Head of state

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A head of state is a person who represents the highest authority in a country, and who embodies that country in international relations. He or she need not hold political power in person, and someone else may be the head of government. Alternatively, the head of state may also be the head of government. A head of state may be a hereditary monarch or an elected president. A few exceptions exist (such as the Pope, who is head of state of Vatican City), but almost all heads of state in the world are either monarchs or presidents. It is also possible for a single individual to be head of state of more than one country.[1] The exceptional example of this is Queen Elizabeth II of the United Kingdom, who is also head of state of 15 other countries that once formed the British Empire. Other anomalies are that San Marino, for example, has two heads of state, the annually elected Captains-General, and Andorra also has two heads of state, one of whom is the president of France.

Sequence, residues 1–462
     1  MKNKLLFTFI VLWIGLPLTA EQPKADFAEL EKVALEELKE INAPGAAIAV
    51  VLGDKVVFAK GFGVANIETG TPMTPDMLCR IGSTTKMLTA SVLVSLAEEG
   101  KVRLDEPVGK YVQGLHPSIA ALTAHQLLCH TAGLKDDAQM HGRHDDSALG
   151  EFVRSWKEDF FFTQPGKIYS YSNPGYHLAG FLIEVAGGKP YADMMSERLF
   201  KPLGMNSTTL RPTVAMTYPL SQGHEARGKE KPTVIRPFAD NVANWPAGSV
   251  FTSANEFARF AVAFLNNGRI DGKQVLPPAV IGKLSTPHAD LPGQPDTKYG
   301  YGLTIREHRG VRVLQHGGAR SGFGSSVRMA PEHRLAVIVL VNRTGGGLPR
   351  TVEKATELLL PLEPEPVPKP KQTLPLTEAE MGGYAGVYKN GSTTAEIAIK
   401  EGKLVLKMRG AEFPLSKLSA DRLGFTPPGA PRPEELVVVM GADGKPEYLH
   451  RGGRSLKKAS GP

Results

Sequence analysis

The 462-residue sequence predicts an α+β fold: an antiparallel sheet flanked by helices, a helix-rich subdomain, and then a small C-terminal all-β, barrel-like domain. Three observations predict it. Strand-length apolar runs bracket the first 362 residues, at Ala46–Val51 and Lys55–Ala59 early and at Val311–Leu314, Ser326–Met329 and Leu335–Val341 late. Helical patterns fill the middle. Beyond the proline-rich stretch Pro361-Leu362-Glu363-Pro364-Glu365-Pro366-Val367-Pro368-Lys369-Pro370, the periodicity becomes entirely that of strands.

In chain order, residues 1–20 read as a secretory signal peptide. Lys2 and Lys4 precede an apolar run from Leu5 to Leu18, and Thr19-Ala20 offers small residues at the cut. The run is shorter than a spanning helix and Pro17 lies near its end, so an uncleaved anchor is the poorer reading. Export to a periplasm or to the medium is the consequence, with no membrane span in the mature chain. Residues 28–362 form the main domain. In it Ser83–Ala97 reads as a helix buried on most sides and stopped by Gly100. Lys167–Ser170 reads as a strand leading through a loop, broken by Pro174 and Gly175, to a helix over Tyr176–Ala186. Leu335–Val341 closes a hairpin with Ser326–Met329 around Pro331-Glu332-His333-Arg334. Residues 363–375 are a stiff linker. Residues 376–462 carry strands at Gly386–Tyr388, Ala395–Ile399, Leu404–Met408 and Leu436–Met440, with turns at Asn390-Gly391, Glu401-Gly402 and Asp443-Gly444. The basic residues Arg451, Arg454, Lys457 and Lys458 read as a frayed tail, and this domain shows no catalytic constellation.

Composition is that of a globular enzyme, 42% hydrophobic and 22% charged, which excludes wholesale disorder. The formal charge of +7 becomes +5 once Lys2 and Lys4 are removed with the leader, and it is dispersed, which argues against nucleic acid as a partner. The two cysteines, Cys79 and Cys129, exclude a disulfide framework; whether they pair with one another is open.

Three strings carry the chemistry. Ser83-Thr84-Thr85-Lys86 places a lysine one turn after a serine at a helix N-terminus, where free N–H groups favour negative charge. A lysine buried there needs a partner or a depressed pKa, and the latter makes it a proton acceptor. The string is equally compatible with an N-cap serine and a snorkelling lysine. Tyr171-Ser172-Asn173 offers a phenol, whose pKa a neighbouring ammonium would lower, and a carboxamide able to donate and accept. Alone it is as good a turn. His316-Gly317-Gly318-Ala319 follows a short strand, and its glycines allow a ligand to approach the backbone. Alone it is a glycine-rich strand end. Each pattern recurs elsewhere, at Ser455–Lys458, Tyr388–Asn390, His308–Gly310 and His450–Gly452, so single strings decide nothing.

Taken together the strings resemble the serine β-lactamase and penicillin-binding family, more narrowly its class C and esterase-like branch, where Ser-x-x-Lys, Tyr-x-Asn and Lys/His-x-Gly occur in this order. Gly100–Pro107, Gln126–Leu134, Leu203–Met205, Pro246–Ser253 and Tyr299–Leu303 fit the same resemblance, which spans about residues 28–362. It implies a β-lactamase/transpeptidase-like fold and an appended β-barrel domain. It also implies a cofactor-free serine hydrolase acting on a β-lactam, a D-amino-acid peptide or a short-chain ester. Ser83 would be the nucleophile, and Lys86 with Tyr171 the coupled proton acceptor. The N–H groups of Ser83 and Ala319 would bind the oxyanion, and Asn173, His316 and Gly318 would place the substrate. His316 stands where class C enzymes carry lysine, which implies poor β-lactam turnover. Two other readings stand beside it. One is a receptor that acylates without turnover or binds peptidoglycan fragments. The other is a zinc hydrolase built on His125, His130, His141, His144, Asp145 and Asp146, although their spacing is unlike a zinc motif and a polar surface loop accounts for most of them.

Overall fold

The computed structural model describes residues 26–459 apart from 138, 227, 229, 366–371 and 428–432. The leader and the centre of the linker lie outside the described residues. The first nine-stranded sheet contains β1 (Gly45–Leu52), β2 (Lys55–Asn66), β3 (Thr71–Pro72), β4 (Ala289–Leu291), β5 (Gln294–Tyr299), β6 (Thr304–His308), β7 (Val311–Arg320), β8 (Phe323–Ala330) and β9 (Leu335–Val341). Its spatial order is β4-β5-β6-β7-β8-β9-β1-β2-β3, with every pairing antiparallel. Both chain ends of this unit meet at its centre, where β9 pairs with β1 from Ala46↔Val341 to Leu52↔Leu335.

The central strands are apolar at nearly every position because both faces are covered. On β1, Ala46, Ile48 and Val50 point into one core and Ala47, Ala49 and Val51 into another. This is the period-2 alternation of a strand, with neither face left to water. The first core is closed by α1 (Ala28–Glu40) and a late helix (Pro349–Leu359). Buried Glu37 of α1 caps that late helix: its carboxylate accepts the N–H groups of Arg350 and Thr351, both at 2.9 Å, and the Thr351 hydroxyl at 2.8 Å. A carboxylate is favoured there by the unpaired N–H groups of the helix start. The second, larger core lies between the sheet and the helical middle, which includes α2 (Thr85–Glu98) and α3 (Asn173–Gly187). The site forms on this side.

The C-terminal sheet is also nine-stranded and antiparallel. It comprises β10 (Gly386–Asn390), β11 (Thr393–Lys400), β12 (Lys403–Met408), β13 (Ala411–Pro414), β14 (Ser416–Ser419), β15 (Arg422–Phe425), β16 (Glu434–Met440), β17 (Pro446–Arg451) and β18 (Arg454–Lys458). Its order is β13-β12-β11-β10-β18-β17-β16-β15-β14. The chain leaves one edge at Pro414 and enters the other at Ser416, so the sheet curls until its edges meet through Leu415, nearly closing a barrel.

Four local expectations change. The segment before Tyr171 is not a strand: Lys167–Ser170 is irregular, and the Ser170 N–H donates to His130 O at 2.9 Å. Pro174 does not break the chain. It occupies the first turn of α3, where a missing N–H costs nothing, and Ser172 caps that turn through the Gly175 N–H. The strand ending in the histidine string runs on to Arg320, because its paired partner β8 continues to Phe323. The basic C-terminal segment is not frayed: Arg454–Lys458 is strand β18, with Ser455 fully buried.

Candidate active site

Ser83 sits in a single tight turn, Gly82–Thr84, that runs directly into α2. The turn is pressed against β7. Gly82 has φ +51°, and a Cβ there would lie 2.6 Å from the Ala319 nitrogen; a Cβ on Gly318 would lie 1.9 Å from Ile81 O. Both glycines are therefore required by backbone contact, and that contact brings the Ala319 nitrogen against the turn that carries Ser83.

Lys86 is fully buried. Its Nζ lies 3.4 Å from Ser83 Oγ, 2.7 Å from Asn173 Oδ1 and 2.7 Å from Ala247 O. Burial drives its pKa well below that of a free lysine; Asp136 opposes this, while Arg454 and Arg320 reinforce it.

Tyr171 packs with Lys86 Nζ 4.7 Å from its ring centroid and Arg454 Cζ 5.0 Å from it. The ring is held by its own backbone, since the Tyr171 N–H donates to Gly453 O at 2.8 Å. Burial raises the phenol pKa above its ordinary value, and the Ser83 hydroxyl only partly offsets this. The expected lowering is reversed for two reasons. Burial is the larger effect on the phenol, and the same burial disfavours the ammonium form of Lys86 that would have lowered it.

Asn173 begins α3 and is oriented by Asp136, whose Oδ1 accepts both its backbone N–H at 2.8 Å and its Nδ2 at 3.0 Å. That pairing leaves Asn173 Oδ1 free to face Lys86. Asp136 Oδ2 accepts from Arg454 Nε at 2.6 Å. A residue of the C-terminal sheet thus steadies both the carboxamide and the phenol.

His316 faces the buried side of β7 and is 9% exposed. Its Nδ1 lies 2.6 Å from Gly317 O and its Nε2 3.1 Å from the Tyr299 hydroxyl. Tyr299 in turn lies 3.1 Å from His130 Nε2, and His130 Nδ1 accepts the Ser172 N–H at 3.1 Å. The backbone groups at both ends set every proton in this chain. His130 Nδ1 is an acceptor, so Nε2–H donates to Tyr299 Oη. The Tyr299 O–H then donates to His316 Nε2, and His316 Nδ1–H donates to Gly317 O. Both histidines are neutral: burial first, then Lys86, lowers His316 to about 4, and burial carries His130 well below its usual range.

The concept of heads of state is really a fairly modern idea, that cannot easily be applied to some ancient societies. For example, it might be thought that in the Roman Empire it was the emperor who was head of state, but this would be misleading. In fact, it was the consuls who retained the highest legal office, even after they lost real power, and the emperors are better thought of as heads of government. In fact, the modern concept cannot be applied in any meaningful sense.

References

  1. McLean, I. and McMillan, A. (eds) "Head of State" in The Concise Oxford Dictionary of Politics, 3rd edition; Oxford University Press, Oxford; Pages 237-238; (2009)
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